What Does 'Return to Normal' Mean For The Immunocompromised? : 1A According to the most recent guidance from the CDC, most of the country no longer needs to mask up in public But those loosened restrictions don't apply to at least 7 million people nationwide who are immunocompromised. Their weakened immune systems put them at much higher risk for severe illness and death from exposure to COVID.

With elected officials advocating a so-called "return to normal," what does the present and future hold for the immunocompromised? What can we do to protect the most vulnerable?

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What Does 'Return to Normal' Mean For The Immunocompromised?

What Does 'Return to Normal' Mean For The Immunocompromised?

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Many Americans are foregoing masks in public places with COVID restrictions easing, but for the immunocompromised the risk of doing so is much higher. PATRICK T. FALLON/AFP via Getty Images hide caption

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PATRICK T. FALLON/AFP via Getty Images

Many Americans are foregoing masks in public places with COVID restrictions easing, but for the immunocompromised the risk of doing so is much higher.

PATRICK T. FALLON/AFP via Getty Images

Most of the country no longer needs to mask up in public, according to the most recent guidance from the CDC. But those loosened restrictions don't apply to at least 7 million people nationwide who are immunocompromised. Their weakened immune systems put them at much higher risk for severe illness and death from exposure to COVID.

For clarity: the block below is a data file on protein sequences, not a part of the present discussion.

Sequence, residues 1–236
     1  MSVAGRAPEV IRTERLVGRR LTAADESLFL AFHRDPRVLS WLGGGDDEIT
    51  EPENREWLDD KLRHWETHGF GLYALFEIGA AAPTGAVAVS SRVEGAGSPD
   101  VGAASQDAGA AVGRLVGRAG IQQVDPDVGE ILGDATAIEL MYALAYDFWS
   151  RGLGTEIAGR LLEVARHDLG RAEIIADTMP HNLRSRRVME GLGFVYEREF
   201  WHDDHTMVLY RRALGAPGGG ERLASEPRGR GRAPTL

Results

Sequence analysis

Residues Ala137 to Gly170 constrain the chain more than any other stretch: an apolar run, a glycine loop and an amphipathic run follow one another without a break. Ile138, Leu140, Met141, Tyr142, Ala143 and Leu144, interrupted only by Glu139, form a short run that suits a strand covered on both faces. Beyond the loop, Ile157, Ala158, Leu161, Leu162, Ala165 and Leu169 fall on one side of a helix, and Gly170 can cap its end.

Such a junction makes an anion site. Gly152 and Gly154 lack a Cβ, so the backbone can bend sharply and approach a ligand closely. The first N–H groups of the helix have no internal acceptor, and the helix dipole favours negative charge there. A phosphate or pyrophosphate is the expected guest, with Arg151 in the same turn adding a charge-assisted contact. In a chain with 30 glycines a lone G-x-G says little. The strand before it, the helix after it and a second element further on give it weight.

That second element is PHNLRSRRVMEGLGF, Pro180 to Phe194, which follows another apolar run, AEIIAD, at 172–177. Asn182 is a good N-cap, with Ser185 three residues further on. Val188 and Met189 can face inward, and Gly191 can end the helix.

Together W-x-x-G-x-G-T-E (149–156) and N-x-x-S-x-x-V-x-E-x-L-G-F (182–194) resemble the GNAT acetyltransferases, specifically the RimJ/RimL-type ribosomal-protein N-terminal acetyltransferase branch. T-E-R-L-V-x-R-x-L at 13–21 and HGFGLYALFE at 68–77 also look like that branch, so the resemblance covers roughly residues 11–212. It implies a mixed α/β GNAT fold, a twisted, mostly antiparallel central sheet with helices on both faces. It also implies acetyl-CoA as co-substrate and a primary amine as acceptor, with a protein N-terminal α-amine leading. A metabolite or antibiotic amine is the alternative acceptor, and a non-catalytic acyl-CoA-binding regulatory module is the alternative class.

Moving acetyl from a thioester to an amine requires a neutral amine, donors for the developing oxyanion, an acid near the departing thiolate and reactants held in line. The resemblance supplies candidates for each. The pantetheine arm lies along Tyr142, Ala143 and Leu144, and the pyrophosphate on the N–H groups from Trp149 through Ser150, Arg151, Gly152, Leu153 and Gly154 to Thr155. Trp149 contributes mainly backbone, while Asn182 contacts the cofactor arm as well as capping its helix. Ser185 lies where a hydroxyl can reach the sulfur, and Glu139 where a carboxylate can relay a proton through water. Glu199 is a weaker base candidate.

Science reporter Ed Yong wrote more in The Atlantic.

A significant proportion of them don't respond to COVID vaccines, so despite being vaccinated, many are still unsure whether they're actually protected—and some know that they aren't. Much of the United States dropped COVID restrictions long ago; many more cities and states are now following. That means policies that protected...immunocompromised people, including mask mandates and vaccination requirements, are disappearing, while accommodations that benefited them, such as flexible working options, are being rolled back.

With elected officials advocating a so-called "return to normal," we discuss what that means, present and future, for the immunocompromised. We also discuss what we can do to protect the most vulnerable.

Ed Yong, Marney White, Matthew Cortland, and Dr. Jeannina Smith join us for the conversation.

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